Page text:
The story of the kidnapping of 16-year-old John Paul Getty III and the desperate attempt by his devoted mother to convince his billionaire grandfather Jean Paul Getty to pay the ransom.
It’s late in the night and a beautiful mop-haired teenager (Charlie Plummer), barely more than a child, flirts with sex workers beside fountains that belong in a Fellini film. He speaks good Italian but is clearly a rich American brat. In an instant he’s kidnapped by a van full of masked men who demand a ransom of 17 million dollars. This shouldn’t be a problem. The boy’s grandfather is John Paul Getty (Christopher Plummer), the richest billionaire in the world – but also the meanest and stingiest. He refuses to pay a penny. Six months of trauma ensue as the boy’s distraught but dignified mother, Gail (Michelle Williams), embarks on a mission to beg, win or wheedle the sum she needs.
Inspired by real events around the kidnapping of 16-year-old John Paul Getty III in Rome in 1973, and based on John Pearson’s book Painfully Rich: the Outrageous Fortunes and Misfortunes of the Heirs of J. Paul Getty, Ridley Scott’s latest film is a tense crime thriller with an unforgettable monster at its heart. Like the heated media scrum around the real kidnapping, the film itself has attracted media furore because of the last-minute re-shooting and re-editing to replace disgraced actor Kevin Spacey with Christopher Plummer in the role of the hard-hearted tycoon.
The good news is that Plummer is perfect as the calcified miser who must win at all costs. Spacey would no doubt have created his own brilliant villain (perhaps one day we’ll see that version on a DVD extra), but now it’s hard to imagine anyone bettering Plummer’s Getty. In his beloved and iconic performance as Captain Von Trapp in The Sound of Music he was a charismatic authoritarian revealing a secret soft heart. Here, there’s no heart at all, but character’s power and monstrous resolve make him fascinating. In scene after scene we see the jaw-dropping callousness and arrogance that made Getty the richest man in the history of the world, one who knew the price of everything, but by any normal human measure, the value of nothing. It’s unsurprising that he fancies himself the reincarnation of the Roman Emperor Hadrian (complete with doomy choral soundtrack), and that eventually he disgusts even his own loyal employee, the ex-CIA agent (Mark Wahlberg) tasked with getting the boy back.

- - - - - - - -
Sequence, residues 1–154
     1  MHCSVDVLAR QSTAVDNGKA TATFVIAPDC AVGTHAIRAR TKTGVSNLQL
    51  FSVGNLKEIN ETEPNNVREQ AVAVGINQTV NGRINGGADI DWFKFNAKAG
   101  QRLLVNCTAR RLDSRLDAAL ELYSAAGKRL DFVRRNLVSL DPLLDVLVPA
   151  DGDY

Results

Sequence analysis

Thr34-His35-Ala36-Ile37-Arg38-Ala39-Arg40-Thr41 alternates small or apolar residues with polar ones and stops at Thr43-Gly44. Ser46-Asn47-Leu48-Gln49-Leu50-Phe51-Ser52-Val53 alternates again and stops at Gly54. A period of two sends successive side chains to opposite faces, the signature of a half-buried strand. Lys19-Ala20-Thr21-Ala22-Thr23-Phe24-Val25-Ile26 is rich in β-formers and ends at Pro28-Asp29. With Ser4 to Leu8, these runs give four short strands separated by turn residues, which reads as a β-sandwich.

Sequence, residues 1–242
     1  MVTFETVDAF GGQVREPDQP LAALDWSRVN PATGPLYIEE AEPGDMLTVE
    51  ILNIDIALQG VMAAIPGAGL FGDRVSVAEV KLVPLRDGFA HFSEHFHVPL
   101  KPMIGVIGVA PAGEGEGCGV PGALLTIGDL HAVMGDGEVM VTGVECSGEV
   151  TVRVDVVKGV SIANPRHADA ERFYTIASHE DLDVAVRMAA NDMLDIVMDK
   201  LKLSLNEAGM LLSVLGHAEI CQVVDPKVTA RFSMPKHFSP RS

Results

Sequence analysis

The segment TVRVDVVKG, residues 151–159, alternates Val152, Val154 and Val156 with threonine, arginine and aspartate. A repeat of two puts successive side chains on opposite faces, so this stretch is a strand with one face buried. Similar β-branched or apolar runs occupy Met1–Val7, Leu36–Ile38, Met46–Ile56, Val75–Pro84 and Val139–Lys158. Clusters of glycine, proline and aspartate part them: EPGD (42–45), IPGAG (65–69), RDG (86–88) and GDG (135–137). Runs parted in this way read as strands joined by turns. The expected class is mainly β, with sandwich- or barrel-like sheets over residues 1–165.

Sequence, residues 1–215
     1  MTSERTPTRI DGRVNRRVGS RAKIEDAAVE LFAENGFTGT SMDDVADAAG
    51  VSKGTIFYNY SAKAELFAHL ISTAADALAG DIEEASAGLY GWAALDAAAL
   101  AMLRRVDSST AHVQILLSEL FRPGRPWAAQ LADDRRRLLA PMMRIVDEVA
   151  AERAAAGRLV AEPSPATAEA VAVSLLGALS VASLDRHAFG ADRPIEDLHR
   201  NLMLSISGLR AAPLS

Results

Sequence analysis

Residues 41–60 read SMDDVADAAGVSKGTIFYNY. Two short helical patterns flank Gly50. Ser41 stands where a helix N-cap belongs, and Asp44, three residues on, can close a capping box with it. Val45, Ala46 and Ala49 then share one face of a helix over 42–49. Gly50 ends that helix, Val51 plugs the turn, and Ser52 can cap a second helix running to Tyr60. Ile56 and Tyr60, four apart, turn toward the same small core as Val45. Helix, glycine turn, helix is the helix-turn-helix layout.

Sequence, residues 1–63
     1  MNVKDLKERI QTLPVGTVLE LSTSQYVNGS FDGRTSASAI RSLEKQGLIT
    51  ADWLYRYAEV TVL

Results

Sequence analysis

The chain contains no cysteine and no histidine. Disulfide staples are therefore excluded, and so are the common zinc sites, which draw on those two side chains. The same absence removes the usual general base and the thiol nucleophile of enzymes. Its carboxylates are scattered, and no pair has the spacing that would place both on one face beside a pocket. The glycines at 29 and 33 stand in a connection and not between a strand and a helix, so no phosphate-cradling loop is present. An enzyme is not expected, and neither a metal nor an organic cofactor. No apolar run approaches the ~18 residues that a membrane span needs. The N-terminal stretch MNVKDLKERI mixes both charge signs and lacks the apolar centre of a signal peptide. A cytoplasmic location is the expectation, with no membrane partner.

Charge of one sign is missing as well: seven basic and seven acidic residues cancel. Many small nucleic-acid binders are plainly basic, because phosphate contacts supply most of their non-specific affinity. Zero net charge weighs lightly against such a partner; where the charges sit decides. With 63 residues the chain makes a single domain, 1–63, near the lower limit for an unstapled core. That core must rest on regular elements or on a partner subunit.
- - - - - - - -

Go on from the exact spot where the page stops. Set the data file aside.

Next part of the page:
The performances are universally good, though perhaps at times Michelle Williams and Romain Duris (playing the kindest of the kidnappers) pour their accents on a bit thick: she as the privileged but penniless divorcee; he as the Italian thug making increasingly threatening phone-calls. Overall, however, realism is maintained and a certain restraint keeps the production from full-blown Ridley Scott excess, even while the story travels far and fast from Rome to England and countryside Italy, and takes in a grisly extended surgery involving the removal of an ear (this really happened). The pacey screenplay is by David Scarpa (The Day the Earth Stood Still, 2008) and the film is shot and edited with skill by Scott’s regular DOP Dariusz Wolski and editor Claire Simpson, both of whom should be commended for their work, especially considering the demands of a re-shoot just a month before release.
Still, this is a Scott film. The prolific 80-year-old director of overblown works including Prometheus, The Counsellor and Exodus: Gods and Kings allows himself some questionable narrative flourishes particularly towards the end: redundant mafia chase scenes and a conclusion of operatic but completely fictional proportions. Minor quibbles aside, All the Money in the World is a well-structured, effective and engaging thriller that takes us deep inside the paradoxical and eternally fascinating psychology of the very rich. It’s a film that delivers an evergreen message: that all the riches in the world cannot buy happiness, safety or love.